Date: November 7, 2005
Sent to but not published by the Boston Globe

Thoughts on signature gathering.

As part of my commitment for Common Cause, I offered to do a couple of hours of duty gathering Petition signatures outside our local voting place –  the National Guard Armory on Concord Avenue.

I'd not been inside before though my wife had and she told me of the impressive interior – and it was. The Drill Hall had a highly polished parquet floor – I couldn't imagine raw recruits marching up or down on it in their hobnailed boots. But I could imagine the officers' ball with sleek dress blues on the men and some women and silk and satin on the ladies as they glided across the parquet to old show tunes of the 1940's. The piece de resistance was the roof: all wood and kind of arts and crafts curved rafters keeping the wood in place. Very impressive.

My wife and I went into the gym where 15 voting booths had been set up. She immediately went over to chat with a former co-worker who was acting as some kind of observer or official. I tried to follow, but an official by the door took one look at my Common Cause buttons attached to my macintosh and said "No buttons in here. Out you go!" I slunk out and waited in the Drill Hall until my wife had voted.

We then went out and I joined the group of candidate standard-wavers a full 150 feet from the entry to the building. There were a couple for Fittini, one for Sampson, and one for a school board member whose name I forget.

I was very apprehensive about gathering signatures. I am not one to accost people on the street and ask for their help – to my wife's despair when I get lost driving somewhere. However, asking for signatures on a political, albeit non-partisan issue, just outside a voting place seemed more appropriate than setting up in Harvard Square to ask people for their support. So I was able to screw up my courage and ask people for their help – often I could barely get the words out of my mouth before they swept by, but others did stop and listen to my script.

There were four of us there: a big fellow with one of the Fittini signs and the school board candidate's sign; a grey haired older man with the other Fittini sign, and a young woman with a Dorothea Sampson sign. They were all chatting and after a couple of my attempts to get interest or signatures from folks walking in to vote were rebuffed, I joined the conversation. I started by asking for their signatures. The young woman had already signed; the grey haired man allowed that he didn't see much wrong with a little gerrymandering but he did agree to take an information sheet. The big fellow had stuck his sign in the fence and had wandered off with a couple of his friends who had come by and I did not see him again during my stint at the Armory.

After chatting for a bit, it turned out that the other two knew each other. The older man was a 70-year old retired Cambridge cop who lived near Tory Row - a very tony neighborhood. He had bought his house there for $27,000 in 1964 and sat there watching the neighborhood change from one housing cops and firefighters to a neighborhood filled with professors and architects -- just like our street thirty years later.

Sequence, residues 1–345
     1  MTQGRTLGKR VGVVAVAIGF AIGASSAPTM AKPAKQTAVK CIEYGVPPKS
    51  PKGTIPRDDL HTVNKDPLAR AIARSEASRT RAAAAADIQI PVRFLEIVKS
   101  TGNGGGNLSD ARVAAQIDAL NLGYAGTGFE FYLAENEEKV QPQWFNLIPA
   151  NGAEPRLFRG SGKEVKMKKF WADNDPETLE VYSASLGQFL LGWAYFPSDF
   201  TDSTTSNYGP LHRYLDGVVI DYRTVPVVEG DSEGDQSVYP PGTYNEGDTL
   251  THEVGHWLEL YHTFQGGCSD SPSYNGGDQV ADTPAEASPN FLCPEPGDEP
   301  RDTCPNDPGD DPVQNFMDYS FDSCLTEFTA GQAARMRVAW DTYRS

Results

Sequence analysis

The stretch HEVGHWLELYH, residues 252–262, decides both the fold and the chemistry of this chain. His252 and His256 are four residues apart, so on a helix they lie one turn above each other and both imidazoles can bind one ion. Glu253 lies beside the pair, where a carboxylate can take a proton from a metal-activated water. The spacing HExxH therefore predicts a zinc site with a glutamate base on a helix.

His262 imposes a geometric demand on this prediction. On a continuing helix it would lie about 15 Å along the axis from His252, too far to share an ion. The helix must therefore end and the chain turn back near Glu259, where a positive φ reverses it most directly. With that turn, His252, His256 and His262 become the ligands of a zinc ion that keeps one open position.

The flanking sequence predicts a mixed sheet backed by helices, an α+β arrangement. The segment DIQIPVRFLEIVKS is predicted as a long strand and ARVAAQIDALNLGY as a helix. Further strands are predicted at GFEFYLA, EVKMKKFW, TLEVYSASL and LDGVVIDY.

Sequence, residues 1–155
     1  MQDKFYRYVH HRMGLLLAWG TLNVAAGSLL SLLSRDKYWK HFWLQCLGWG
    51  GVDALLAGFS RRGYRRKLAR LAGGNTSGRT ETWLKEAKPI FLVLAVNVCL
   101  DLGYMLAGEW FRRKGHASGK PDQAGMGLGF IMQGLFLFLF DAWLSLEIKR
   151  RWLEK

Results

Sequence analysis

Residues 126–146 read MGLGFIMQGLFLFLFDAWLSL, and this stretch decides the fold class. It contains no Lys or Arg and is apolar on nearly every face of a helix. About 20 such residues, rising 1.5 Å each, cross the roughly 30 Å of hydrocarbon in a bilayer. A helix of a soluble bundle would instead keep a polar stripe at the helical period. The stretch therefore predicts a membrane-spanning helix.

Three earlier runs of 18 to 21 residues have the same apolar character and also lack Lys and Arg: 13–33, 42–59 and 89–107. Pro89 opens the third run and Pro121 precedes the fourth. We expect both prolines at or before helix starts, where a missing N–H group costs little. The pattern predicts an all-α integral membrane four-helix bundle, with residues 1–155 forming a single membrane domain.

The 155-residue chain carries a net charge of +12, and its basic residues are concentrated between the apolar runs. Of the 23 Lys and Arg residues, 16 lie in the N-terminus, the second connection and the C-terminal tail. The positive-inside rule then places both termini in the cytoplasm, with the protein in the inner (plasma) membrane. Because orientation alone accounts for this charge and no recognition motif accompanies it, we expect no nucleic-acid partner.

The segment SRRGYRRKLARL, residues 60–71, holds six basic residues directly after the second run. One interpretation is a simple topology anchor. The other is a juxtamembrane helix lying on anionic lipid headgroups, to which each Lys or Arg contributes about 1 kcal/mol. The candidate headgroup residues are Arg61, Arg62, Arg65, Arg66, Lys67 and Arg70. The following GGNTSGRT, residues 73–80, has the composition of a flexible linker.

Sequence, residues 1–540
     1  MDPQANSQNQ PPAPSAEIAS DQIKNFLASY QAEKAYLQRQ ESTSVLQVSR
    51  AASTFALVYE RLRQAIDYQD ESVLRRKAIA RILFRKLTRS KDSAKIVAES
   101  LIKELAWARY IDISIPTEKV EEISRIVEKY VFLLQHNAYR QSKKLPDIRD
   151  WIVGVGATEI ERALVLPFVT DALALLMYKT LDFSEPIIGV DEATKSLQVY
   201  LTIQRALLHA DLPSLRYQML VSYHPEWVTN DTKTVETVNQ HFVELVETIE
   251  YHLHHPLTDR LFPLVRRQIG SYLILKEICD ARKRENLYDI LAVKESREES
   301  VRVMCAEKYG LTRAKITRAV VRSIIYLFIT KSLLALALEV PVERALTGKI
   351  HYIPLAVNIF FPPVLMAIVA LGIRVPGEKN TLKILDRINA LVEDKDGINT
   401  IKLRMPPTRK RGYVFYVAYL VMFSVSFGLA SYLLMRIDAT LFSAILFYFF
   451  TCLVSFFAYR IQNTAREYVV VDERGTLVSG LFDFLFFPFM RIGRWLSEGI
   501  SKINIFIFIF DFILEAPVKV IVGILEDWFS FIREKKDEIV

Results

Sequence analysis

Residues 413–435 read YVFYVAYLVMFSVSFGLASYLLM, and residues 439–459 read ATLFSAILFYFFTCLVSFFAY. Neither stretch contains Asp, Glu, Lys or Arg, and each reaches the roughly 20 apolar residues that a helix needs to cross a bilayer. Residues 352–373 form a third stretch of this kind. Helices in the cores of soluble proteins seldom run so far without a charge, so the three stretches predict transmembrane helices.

During my time on the line, about 15 people walked by – a lot more drove to the voting station and were inaccessible to me as the parking lot was off limits to be-buttoned folk and they entered the voting station at the back instead of coming round to the front door where I could have buttonholed them. A couple of people brushed me off on their way into vote, but on the way out asked what the petition was about and readily agreed to sign. For one of the people who signed, I puzzled over his attire. He was wearing a Harvard bow tie, but the little "Veritas" crests woven into the fabric were upside down. Did that signal that he was a chronic liar, or was it a distress signal (as is the case with national flags), or had he merely been inattentive when he dressed that morning. I didn't dare ask.

My other companion on the line turned out to be Dorothea Sampson's daughter. If the parent is like the daughter, she'd be a good candidate. I was glad to hear later that my wife had placed her among the eight candidates that she had voted for. Cambridge has a bizarre form of Proportional Representation, probably devised in the 1940's by a Harvard political scientist and an MIT mathematician. It is much too complex to describe (you can read about it here:; but I guess it gets the job done.

During my couple of hours on the line, SUV's came by from three or four candidates. Each were loaded with coffee, sodas and muffins. Supplies were handed out indiscriminately, you didn't have to have a Fittini sign to eat at the Fittini wagon. That was a nice sign of cooperation between the rivals. My favorite candidate came by in his wackily decorated car but didn't have any goodies to hand out! A big mistake.

A couple of footnotes:
        - Crossing Harvard Yard this afternoon I ran across people selling T-Shirts that said "You don't have to be smart to go to Yale" followed by a picture of GWB, Class of ‘68. I (Ph.D., Yale, 1968) felt badly until I remembered that he learned his managerial skills at the Harvard Business School.
        - In Harvard Square near the subway I saw a girl with six clipboards that looked like they contained petitions. I wondered whether she was gathering signatures for one campaign and had six clipboards for different towns or whether she was a signature collector for six different petitions. Again, I did not ask.

And a final point
        - Common Cause is sponsoring a petition to reform redistricting by taking the responsbility out of the hands of the legislators and giving it to an independent Commission (albeit with members selected by politicians). If you have not signed this, please do so by contacting Common Cause: